XRP Sees Flash Crash and Quick Rebound on BitMEX

At exactly 14:00 UTC, the price on the XRP/USD pair quickly plummeted from 33 cents to 13 cents, a 60 percent drop. During that minute, volume spiked to $6 million, according to BitMEX data. The cryptocurrency quickly recovered within a second and closed at $0.3277, suggesting a large leveraged trade was quickly wiped out.

XRP, the native asset of San Francisco-based Ripple’s XRP Ledger, experienced a flash crash on Hong Kong-based derivatives exchange BitMEX on Thursday.

CoinDesk reached out to BitMEX CEO Arthur Hayes via email regarding the incident but has yet to hear back.

An all-cryptocurrency platform, BitMEX offers highly leveraged trades of up to 50 times margin on collateral. If a bet goes the wrong way, a trader can be automatically liquidated, wiping out the collateral balance on the exchange instantly.

BitMEX offers some novel instruments not normally seen in the traditional financial derivatives world, including an innovative “perpetual” swap derivative that does not expire.

Long known as a bitcoin (BTC)-only derivatives exchange, BitMEX has added additional cryptocurrency assets in the past few years. Ethereum (ETH) trading was launched in 2018.

XRP is BitMEX’s newest addition, added on Feb. 5. The company has offices in Hong Kong but is licensed and registered in the Seychelles, where its gray-area regulatory status allows it to offer very risky bets on crypto. Bitmex has been investigated by the Commodities Futures Trading Commission and prohibits U.S.-based traders on its platform.

YouTube Suspends Ripple’s Tech Chief Days After XRP Scam Lawsuit Filing

YouTube has suspended the channel of Ripple CTO David Schwartz soon after the blockchain firm launched a lawsuit against it over XRP scams in videos.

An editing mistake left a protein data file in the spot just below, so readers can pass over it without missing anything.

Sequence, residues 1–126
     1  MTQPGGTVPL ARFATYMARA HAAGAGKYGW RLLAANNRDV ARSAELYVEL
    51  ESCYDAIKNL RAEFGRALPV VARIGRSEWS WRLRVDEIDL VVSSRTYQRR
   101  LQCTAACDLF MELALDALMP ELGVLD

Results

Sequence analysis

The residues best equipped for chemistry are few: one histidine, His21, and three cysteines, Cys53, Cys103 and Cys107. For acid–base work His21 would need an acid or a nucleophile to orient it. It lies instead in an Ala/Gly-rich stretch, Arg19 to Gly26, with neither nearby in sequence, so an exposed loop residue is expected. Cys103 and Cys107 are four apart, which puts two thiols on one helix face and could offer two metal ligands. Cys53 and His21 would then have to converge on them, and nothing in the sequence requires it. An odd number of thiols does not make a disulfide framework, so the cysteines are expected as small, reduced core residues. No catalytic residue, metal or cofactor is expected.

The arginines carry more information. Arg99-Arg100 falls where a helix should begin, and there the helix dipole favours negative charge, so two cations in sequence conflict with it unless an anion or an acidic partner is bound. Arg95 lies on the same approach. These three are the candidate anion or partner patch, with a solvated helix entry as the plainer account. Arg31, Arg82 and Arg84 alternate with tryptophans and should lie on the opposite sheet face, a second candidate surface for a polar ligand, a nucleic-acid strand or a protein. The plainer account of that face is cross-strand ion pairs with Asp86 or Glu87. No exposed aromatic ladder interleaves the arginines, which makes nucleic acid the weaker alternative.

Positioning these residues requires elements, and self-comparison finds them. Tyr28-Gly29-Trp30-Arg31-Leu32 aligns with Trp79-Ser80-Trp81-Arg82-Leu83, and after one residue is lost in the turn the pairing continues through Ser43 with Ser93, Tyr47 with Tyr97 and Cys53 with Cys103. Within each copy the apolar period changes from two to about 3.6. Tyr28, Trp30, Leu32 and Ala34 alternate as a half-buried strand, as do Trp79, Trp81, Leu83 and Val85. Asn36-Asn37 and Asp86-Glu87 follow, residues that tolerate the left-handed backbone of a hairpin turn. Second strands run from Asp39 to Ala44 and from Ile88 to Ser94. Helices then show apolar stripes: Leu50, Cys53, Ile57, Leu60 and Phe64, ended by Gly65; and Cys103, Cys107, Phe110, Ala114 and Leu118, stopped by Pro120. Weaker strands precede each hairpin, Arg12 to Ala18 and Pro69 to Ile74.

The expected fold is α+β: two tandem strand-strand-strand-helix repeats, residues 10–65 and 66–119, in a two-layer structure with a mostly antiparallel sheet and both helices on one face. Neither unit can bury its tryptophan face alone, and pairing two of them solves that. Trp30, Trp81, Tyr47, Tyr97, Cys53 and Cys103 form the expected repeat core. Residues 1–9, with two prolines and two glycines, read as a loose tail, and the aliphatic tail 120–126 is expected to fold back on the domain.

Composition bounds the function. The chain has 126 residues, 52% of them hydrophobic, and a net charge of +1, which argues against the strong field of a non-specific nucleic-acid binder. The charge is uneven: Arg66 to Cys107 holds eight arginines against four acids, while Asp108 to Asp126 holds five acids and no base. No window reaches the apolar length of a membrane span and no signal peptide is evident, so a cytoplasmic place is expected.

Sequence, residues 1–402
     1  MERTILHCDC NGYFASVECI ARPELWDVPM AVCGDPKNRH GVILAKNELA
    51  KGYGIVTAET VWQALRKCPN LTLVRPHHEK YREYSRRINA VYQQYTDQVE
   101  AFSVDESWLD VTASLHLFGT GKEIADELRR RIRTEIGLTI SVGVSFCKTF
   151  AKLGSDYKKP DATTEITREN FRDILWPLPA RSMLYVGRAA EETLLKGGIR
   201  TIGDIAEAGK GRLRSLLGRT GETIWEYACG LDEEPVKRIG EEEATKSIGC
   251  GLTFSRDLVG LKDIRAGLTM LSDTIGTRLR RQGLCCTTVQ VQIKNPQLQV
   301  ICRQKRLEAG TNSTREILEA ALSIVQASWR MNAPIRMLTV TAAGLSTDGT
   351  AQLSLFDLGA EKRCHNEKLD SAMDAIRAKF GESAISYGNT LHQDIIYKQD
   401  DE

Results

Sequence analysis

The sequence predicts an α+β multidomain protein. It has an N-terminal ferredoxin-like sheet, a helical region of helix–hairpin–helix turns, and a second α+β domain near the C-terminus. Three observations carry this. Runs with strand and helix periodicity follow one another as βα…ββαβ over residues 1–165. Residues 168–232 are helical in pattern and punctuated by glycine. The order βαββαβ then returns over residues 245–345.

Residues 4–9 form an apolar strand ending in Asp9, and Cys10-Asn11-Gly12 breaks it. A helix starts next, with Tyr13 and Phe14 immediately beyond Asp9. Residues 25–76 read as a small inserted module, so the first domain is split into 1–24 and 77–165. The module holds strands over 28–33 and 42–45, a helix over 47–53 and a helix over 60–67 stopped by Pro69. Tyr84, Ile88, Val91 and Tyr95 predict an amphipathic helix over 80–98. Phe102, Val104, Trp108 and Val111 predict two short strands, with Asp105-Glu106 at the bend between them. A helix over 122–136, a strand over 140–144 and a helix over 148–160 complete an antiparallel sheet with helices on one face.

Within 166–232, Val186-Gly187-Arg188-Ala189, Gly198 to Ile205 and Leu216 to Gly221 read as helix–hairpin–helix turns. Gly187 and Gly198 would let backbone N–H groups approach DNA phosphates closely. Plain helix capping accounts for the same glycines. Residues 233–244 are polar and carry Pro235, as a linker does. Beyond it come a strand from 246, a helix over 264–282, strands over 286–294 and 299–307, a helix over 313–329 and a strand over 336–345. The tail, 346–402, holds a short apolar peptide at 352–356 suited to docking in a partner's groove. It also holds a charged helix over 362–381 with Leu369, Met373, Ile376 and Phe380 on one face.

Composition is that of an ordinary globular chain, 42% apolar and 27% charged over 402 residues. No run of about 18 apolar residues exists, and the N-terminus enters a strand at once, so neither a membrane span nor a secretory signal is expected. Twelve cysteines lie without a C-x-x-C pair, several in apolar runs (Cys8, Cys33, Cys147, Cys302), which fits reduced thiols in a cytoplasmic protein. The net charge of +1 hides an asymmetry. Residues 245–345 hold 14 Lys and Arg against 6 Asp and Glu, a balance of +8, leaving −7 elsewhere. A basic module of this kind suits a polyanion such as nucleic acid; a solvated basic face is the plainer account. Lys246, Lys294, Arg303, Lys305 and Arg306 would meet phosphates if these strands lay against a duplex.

Schwartz, who also goes by the online moniker “Joel Katz”, said Wednesday morning that YouTube had suspended his channel. “Weirdly, YouTube just decided to suspend my channel (SJoelKatz) for impersonation. I wonder who they think I was impersonating,” he tweeted.

CoinDesk has reached out to Schwartz for comment.

YouTube can “terminate” channels that violate the platform’s guidelines, including for predatory behavior, hate speech, harassment, as well as impersonation. Channel owners are prohibited from creating new channels, but they are allowed to submit an appeal request if they think their channel was suspended or terminated in error.

Wednesday’s events come a week after Ripple initiated a lawsuit against YouTube on allegations the platform had failed to prevent fake XRP giveaway scams on the platform. The filing states YouTube’s unwillingness to suspend scam channels has led to users being defrauded out of hundreds of thousands of dollars, as well as reputational damage for Ripple.

“Ripple has repeatedly demanded that YouTube take action to stop the Scam and prevent further harm. Yet YouTube refuses, even where the same scheme is replicated time and again on its platform. YouTube’s response has been woefully inadequate and incomplete. As a result, Ripple and Mr. Garlinghouse continue to suffer substantial reputational harm,” reads the suit.

Schwartz’s channel was active for years so the timing of the suspension is interesting, given that it comes so close to the start of legal proceedings. Of course, it may be down to YouTube’s moderation algorithms messing up again.

CoinDesk approached YouTube for comment, but hadn’t received a response by press time.

Leave a Reply

Your email address will not be published.